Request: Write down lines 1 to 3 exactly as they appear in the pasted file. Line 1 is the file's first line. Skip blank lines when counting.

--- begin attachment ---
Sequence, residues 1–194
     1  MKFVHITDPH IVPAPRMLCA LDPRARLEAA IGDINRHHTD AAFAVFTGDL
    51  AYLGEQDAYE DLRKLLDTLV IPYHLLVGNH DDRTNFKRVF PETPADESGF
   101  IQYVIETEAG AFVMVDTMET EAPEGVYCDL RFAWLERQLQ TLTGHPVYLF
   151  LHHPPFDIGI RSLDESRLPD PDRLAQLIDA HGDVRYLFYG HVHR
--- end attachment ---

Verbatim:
Sequence, residues 1–194
     1  MKFVHITDPH IVPAPRMLCA LDPRARLEAA IGDINRHHTD AAFAVFTGDL
    51  AYLGEQDAYE DLRKLLDTLV IPYHLLVGNH DDRTNFKRVF PETPADESGF